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Let’s face it: Consumers don’t want to be confronted with dense walls of text each time they open an article. Short, easy-to-digest sentences/paragraphs are an essential part of producing consumable writing for the modern audience.

What makes short sentences and punchy paragraphs so essential? How do you master these styles of writing? How will these forms of concise writing benefit your brand, business, or blog?

Why write shorter sentences/paragraphs?

Here’s the truth: long paragraphs are boring, and, at times, can be confusing.

Thick walls of text create a barrier between you and your consumer. If a reader doesn’t enjoy or understand what they’re reading, they aren’t likely to get much out of your post.

In addition, most readers aren’t going to fully read a text. This is true for any post, whether it appears dense or not. The Internet is full of scanners, not deep readers. Lengthy paragraphs aren’t worth the average consumer’s time.

Another downside to longer prose?

The point of your post can get lost in lengthier bodies of text. Why would a consumer piece through excessive and unnecessary information when they could more easily acquire the same info elsewhere?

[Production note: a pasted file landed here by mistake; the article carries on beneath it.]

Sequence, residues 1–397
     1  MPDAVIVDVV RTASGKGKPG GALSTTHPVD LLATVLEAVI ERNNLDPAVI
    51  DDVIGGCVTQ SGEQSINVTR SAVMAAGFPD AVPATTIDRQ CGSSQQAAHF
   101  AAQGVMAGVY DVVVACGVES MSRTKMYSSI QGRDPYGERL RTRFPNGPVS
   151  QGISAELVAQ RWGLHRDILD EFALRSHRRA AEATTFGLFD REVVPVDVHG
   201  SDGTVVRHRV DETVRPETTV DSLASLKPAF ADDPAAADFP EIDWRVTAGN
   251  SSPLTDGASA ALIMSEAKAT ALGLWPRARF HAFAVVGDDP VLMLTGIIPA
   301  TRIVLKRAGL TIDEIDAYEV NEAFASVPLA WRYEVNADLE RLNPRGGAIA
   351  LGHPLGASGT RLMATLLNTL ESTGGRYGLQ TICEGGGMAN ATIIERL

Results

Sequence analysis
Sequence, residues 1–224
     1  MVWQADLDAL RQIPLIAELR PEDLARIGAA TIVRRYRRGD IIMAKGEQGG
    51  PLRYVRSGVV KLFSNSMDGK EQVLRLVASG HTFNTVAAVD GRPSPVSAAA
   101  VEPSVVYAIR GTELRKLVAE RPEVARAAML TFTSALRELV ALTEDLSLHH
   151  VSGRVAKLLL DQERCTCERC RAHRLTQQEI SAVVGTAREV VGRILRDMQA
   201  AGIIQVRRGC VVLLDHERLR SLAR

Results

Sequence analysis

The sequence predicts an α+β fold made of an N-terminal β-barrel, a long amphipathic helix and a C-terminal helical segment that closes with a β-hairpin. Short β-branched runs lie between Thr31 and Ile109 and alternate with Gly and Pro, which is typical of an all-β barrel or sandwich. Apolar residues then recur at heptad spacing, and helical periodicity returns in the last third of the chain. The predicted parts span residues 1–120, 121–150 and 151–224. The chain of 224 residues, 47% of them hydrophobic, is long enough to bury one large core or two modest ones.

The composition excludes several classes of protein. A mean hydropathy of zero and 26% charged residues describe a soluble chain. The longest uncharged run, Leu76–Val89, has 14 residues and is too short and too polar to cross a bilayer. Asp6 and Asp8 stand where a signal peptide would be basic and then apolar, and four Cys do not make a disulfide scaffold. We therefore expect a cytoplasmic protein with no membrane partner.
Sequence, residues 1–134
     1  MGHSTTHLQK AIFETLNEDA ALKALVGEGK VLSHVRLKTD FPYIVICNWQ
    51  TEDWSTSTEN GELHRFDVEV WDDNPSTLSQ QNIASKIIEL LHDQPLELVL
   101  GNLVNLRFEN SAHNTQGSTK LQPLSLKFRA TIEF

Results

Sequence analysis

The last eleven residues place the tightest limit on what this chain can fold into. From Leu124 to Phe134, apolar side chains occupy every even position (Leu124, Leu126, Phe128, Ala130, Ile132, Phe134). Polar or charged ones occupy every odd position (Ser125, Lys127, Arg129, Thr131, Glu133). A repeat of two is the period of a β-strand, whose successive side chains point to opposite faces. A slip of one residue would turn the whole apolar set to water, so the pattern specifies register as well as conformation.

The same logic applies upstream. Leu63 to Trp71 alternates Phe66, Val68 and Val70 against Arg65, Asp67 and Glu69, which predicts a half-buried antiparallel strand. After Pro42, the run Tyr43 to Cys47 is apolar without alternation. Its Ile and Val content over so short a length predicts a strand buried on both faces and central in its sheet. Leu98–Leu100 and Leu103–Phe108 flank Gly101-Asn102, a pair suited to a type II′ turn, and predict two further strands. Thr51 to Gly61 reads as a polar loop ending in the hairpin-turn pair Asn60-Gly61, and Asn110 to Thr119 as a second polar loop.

This is where concise writing comes in.

Short chunks of writing convey your point with more strength than convoluted, lengthy prose. They help you avoid the consequences of overwriting.

Shorter sentences/paragraphs tend to have a stronger effect, contain fewer errors, and encourage consumers to keep reading.

How To Write Shorter Paragraphs Effectively

Fortunately, ensuring that your paragraph length is thoughtful and effective isn’t rocket science. You want to aim to create short yet informative sections of text that both capture and maintain your audience’s attention.

What does this look like?

Implementing effective paragraph length tactics may mean starting a new paragraph every three to four lines. This could also mean splitting a singular sentence apart from a paragraph after stating an important point to ensure that your audience can chew it up.

There is no “standard” length rule you must go by. Some people prefer single-sentence paragraphs when stating essential information. Others prefer three or four line-sentence paragraphs no matter what info is being presented.

But here’s the thing…

You don’t want to go too far with the practice of producing short paragraphs. This is to say: not every point needs to stand alone.

Prose that is made up of nothing but single-sentence sections is harsh on the eyes and makes an article difficult to digest.

In addition, a couple of lengthier paragraphs won’t sink your article, so long as they’re used purposefully. If you’re formulating a list or a collection of bullet points, the resulting paragraph is guaranteed to be longer.

Striking a balance between single-line, short, and semi-short paragraphs will make for a cohesive, informative, and memorable read.

How To Approach Short Sentences

Short sentences might be even more crucial than short paragraphs. While short paragraphs help hook readers, short sentences are what keeps them engaged.